Allow me to digress. When I speak of jealousy, I don't necessarily mean jealousy from darker women toward lighter ones. I've been jealous of those with richer, darker skin, those with almond eyes and wavy, fuller hair. In fact, every time I see a gaggle of darker black girlfriends I can't help but long for their camaraderie, their sincere compatibility. Over the years, I've had numerous friendships with black women of all shades but only a precious few resulted in true amity and enlightenment. Sadly, most of these "friendships" were beset with backstabbing, hurtful rumors and instances of fierce rivalry from both sides. Have I ever encountered these same headaches with my non-black girlfriends? Of course, but black women have disappointed me in far larger numbers than white women. Could it be my fault that I don't have black social circles? Likely.
I might come from a family that replaced the usual New Year's Day celebratory dinner of collard greens and black-eyed peas with quiche Florentine, but we were still that minority family in a predominantly white Denver subdivision that had to repeatedly validate our presence among the majority. My childhood was ripe with advantages, but we weren't immune to racism. My older sister, who is darker than me (we have different fathers) has always been my mother's beloved daughter. To grow up in the shadow of a sister who is forever deemed smarter, more accomplished, prettier and more popular has certainly instilled prejudices that I'm ashamed to own, and have been slow to acknowledge. What I know for sure is that I don't believe I am better than anyone else. Nor is that my goal. There's more than enough blame to go around, and no one can escape accountability.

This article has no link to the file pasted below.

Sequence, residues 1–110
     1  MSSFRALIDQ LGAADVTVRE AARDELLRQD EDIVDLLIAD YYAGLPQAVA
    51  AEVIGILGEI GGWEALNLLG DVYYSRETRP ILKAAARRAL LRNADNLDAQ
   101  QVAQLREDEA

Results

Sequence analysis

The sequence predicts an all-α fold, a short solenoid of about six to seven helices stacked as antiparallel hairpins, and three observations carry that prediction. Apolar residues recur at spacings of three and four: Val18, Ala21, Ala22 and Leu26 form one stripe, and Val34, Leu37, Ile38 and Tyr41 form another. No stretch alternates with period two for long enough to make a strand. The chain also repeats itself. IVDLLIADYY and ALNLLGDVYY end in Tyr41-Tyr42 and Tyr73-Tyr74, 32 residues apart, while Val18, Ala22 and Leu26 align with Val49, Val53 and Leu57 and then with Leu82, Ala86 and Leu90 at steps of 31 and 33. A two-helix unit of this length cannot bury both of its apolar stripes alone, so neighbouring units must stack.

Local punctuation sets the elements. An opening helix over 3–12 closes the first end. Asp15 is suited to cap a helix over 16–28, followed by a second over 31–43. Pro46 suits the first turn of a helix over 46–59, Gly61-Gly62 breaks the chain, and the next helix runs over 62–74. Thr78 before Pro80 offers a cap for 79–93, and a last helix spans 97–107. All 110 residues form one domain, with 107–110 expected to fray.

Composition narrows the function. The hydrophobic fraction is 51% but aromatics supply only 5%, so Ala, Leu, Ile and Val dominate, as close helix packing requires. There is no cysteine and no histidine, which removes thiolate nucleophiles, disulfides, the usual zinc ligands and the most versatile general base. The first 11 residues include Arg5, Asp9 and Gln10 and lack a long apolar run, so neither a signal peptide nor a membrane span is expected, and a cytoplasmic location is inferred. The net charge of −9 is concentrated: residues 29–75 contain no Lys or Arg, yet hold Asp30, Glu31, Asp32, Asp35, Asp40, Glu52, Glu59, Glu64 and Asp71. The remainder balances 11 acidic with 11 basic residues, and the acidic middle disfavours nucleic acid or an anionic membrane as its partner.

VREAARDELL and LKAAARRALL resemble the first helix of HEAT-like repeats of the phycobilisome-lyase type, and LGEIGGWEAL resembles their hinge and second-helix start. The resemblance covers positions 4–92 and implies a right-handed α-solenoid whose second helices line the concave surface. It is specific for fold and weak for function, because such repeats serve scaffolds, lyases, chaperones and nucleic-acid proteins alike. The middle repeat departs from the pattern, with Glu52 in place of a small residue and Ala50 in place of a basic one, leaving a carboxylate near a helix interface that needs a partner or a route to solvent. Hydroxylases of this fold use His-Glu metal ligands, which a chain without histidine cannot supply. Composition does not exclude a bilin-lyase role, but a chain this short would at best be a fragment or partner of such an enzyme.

I often wonder if high-quality black friendships, formed in adulthood, are as easily attainable as our conferred 40 acres and a mule? Is my lack of black girlfriends due to my childhood? Or am I naively assuming my interests are exclusive to white women? Or is it because I've allowed other's preconceived notions about darker black women to wedge a divide between us? Perhaps it's all of the above. We can only lay blame at the feet of a bigoted and divisive American for so long before our oppressions become self-inflicted. We can't continue to blame our harsh indifference toward one another on "colored-only" water fountains and segregated lunch counters. It's time to ask the difficult questions and prepare for the unvarnished truth, even if the answer reveals resentments that are a comet high and a soul deep.
It's not politically correct to question the behavior and negative tendencies of those in your own race, but sometimes it's necessary for collective forward evolution. Admittedly, my desire to judge is twined with my own insecurities. And I can't be alone. When you juxtapose two diametrically opposite things you normally wouldn't see coupled together, it should force you to reevaluate each and hopefully create a new appreciation of both, separately and as a whole. This has been the case with my white girlfriends and I hope one day it will be the case with my darker sisters.